Sunday, March 28, 2010

AIPAD and the Met

Last Friday I spent the day in New York. The afternoon was spent in sensory overload at the Association of International Photography Art Dealers show at the Park Avenue Armory. Our group of Philly-area photo conservators played a game while at the show: you have $5,000 - what piece or pieces do you buy for your institution? I had too many selected and exceeded my budget. Not my fault my favorite all cost $3,500-ish.

We also spent the morning at the Metropolitan Museum of Art, lunching with the Met photo conservation peeps and checking out the current photo exhibits, Playing with Pictures: The Art of Victorian Photocollage and Surface Tension: Contemporary Photographs from the Collection.

There were some interesting things in the contemporary show, but I feel like I've seen several of the works already in the not-too-distant past. This was my favorite piece from the contemporary show, a really massive cyanotype (51 1/2 x 99 inches) by Christian Marclay. Which I think I've seen exhibited in this gallery once before in the last two or three years.

We all really enjoyed the photocollage show: it was all very Hieronymous Bosch, Alice in Wonderland-esque. It also had the best use of computers in a exhibit that I have ever seen. All of these pieces were originally in bound manuscripts. You can remove pages for exhibit, but it is not something that is done without serious consideration because you are fundamentally altering the nature and context of the object. But the problem of leaving the pages bound is that you cannot make all the pages available at once. There were pages framed on the walls, and several vitrines with albums scattered throughout. Each page of each album had been photographed, and visitors could sit at one of the four computers and digitally flip through the album, zooming in on details, reading the accompanying explanations. I thought it was very well done: the computers were busy the entire time we were there.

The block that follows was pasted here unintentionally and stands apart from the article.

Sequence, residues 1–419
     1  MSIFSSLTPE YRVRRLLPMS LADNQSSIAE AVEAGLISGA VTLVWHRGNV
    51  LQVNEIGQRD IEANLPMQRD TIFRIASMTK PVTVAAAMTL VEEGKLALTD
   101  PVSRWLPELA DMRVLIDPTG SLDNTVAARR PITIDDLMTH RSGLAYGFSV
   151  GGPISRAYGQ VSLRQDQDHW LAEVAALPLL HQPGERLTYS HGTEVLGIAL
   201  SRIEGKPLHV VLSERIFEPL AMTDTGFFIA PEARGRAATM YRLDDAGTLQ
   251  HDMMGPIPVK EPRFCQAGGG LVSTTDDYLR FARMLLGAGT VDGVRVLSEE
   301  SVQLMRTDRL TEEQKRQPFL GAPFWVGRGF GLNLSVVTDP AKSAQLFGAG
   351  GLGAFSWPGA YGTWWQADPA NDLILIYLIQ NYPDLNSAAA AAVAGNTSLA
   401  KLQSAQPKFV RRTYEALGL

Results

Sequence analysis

From the Westmorland Album, 1864/70, assembled by Victoria Alexandra Anderson-Pelham, Countess of Yarborough, and Eva Macdonald (belonging to the J. Paul Getty Museum).

From the Bouverie Album, 1872/77, assembled by some combination of Elizabeth, Ellen, Jane, and/or Janet Pleydell-Bouverie (belonging to the George Eastman House)

Wednesday, March 24, 2010

Art Handling Olympics

The other day The New York Times had a short article and a fun photo-essay about the art handling olympics. Check the links out: we had a good laugh about it at work the other day (links in the above text.)

Image from the NYT, competitors during the "Static Hold" event - holding a 50-60 pound framed sheet of lead in place, while a 'curator' alternated between yelling at them and ignoring them.

Friday, March 5, 2010

Taryn Simon at the College of Physicians of Philadelphia

On Wednesday evening, I attended a lecture at the College of Physicians of Philadelphia. The lecture was sponsored by the College's Section on Medicine and the Arts. It was organized by a boyfriend of one of the book conservators at the Centre, so all the bulletin boards at the Centre had fliers and several of other conservators and conservation technicians attended.

From the website: the College of Physicians of Philadelphia was founded in 1787 and is the oldest professional medical organization in the country. Twenty-four physicians of eighteenth-century Philadelphia gathered "to advance the science of medicine and to thereby lessen human misery." Today, over 1,500 Fellows (elected members) continue to convene at the College and work towards better serving the public.

The College of Physicians also houses the creepy medical-oddity Mutter Museum (which was closed - someday I'll visit, probably with Liang). The building is also really beautiful, though you can't really tell from this photograph of it, which I pilfered from another place on the interwebs.